Images courtesy of Alanna Brown.
As the Rwandan genocide breaks out, four women, a Hutu, two Tutsis and an American volunteer, hide in a 4-by-4-foot storage compartment where they expect to remain for just a few hours.
Hours turn into days. Days become months.
For 81 days, these women are trapped, surviving with little food, some crayons and a children’s book titled Seeds of Love, Trees of Peace.
These are some of the details from the plot of Long Beach-based screenwriter, director and producer Alanna Brown’s upcoming film, Trees of Peace, which reflects true events of the Rwandan Genocide from the perspective of these four women.
Brown, from A.BrownGirlFilms, has launched a Kickstarter campaign to obtain a funding goal of $65,000 to cover cost productions, which begin later this spring. The campaign will end February 16. With six days to go, supporters have given $46,260.
Brown was inspired to produce the film after following her research for an interview with Francine Lefrak, founder of Same Sky, a trade initiative that works to create employment opportunities for international women coming out of extreme poverty.
Upon her research, Brown learned about Rwandan women who had to hide in small spaces for the length of the genocide, which happened more than 20 years ago. Today, Rwanda has more women appointed to government than any other nation in the world.
“I want the audience to be educated about the women of Rwanda and what they went through and what they’ve risen to,” Brown told the Post. “We are powerful as women. We can stand up in the face of incredible tragedy and incredible challenge and still rise up and achieve incredible things.”
The four women are filled with fear and distrust as they’re forced to overhear the sounds of a woman being raped and killed, neighbors turning on each other, children screaming and the maelstrom of war. Each of the women also experience varying internal conflicts.
As time confined to the storage compartment drags on, the American woman teaches the Rwandans how to read English using the children’s book. They write, play games and draw pictures all over the walls of the small room. Eventually, they form a sisterhood and learn what it truly means to find forgiveness, acceptance, purpose and peace.
Brown explained that she wanted the audience to relate to the characters like they are stuck in the storage room with them, experiencing the same problems and embracing the same relationships, with the intention of making it easier for viewers to humanize the people of Rwanda.
“We would never imagine a genocide like that would break out here,” she said. “But just imagine that, at one time, the people in Rwanda would never have imagined something like that would ever happen to them, you know, based on someone’s race [...] I think that’s something people just need to be careful about, where their mind goes, and be aware that mentality can take hold. That’s pretty terrifying.”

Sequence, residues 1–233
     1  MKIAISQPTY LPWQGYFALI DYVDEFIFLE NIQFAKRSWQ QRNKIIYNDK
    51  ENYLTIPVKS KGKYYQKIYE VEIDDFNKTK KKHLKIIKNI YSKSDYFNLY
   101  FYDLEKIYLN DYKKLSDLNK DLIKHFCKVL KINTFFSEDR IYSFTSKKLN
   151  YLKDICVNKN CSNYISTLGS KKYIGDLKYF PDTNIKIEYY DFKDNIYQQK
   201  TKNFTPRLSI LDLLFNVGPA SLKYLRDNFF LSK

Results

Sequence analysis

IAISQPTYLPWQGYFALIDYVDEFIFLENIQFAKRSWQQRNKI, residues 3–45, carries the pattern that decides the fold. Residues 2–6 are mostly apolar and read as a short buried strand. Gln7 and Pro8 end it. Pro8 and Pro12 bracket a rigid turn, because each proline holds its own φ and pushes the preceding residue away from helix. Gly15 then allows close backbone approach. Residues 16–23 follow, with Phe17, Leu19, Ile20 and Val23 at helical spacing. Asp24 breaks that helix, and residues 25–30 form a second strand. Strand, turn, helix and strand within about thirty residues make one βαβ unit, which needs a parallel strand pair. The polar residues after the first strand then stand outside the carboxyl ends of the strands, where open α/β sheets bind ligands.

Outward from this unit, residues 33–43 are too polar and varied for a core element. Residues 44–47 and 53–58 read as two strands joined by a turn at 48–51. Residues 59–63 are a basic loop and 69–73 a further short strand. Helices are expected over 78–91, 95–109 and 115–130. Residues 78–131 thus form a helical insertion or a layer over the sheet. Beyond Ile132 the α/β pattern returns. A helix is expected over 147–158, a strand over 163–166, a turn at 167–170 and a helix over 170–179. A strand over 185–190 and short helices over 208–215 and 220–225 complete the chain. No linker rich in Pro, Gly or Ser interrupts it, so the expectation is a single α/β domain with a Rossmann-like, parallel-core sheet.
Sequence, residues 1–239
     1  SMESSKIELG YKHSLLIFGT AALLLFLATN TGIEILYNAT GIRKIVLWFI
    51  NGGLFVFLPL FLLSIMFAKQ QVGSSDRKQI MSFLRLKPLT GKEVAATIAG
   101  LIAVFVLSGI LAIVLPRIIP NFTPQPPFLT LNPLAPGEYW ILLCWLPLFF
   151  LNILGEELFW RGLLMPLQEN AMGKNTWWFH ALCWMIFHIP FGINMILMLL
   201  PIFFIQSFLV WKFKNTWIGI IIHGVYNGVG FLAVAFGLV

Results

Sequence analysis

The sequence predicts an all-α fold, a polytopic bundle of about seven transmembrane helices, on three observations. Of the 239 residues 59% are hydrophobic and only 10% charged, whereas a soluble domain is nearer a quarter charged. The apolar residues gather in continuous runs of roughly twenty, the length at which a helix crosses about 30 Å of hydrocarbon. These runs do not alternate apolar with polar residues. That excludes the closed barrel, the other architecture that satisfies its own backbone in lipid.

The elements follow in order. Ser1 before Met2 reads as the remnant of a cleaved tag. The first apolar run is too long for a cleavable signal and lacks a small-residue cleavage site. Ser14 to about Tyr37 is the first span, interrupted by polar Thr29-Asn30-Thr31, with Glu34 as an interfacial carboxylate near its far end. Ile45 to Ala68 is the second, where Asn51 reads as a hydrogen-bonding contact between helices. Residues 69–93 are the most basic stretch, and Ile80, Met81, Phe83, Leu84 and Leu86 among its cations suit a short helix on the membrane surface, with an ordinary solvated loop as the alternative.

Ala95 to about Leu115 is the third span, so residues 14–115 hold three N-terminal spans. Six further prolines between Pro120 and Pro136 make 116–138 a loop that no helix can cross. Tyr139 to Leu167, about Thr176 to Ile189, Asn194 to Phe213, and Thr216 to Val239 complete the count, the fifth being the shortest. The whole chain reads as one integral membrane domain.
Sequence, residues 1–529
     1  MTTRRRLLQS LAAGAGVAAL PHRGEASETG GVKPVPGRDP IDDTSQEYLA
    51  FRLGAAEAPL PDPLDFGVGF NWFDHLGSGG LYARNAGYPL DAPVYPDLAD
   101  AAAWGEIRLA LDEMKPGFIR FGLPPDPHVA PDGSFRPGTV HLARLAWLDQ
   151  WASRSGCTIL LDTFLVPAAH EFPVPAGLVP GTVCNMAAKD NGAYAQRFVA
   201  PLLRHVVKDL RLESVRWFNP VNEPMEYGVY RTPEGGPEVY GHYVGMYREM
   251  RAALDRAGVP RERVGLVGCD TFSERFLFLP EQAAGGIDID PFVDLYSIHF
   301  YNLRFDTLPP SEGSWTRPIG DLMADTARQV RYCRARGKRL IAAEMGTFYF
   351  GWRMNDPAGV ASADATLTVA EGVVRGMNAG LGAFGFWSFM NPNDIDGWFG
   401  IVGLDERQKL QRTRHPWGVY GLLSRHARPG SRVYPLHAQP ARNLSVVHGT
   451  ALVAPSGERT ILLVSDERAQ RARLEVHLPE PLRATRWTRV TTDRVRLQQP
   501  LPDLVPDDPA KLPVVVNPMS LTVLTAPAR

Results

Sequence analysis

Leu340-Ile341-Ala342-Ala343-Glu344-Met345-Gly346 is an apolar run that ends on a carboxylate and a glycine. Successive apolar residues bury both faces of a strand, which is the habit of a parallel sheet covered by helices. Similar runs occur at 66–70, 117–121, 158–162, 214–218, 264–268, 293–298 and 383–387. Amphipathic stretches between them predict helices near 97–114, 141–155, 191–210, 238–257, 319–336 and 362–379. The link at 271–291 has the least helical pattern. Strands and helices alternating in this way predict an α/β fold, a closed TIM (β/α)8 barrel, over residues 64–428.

This is the second of two films produced by Brown, who actually went to school to study communications. However, dissatisfied with her career, she decided to change direction and pursue acting.
In school, one of her instructors had given her class an assignment to produce their own short films. . What was supposed to be a five-minute short became a 30-page script.
“The story of the characters kind of took a life of their own, and I just loved the story so much,” Brown said. “I had such a clear vision for the short that I was like, ‘I want to make this.’’’
Shortly after making this decision, Brown consulted a peer, who was also working on a film, to ask, “What do I do?” and “How do I do this?”
Since then, Brown attended the University of California, Los Angeles Screenwriting Program in 2014 and has signed with Paradigm Talent Agency’s David Boxerbaum and Adrian Garcia as well as Kaplan/Perrone Entertainment as a screenwriter. She also produced her first short film in 2011 called 1426 Chelsea Street.
Though women have endlessly pushed for equal rights and representation in the workforce, a 2016 report from the Center for the Study of Women in Television and Film at San Diego State University revealed that women directors working on the 250-highest grossing domestic releases declined from 9 percent in 2015 to 7 percent.
Because of this, more narratives in movies are often seen through the lens of a white, male perspective. However, filmmakers such as Ava DuVernay, the first African-American woman to be nominated for a Golden Globe in 2014, are fighting to defy the odds.
“With the Women’s March, with a world that aches for unity, tolerance and understanding, we need more films told from new perspectives, revealing diverse and inclusive narratives,” Brown said. “Trees of Peace is a rare film that can really elevate women both in front of and behind the camera, both narratively and politically. So, for those readers who support the arts, now is a critical time to support women in film.”
To see the Trees of Peace trailer and make a pledge, visit the campaign website here.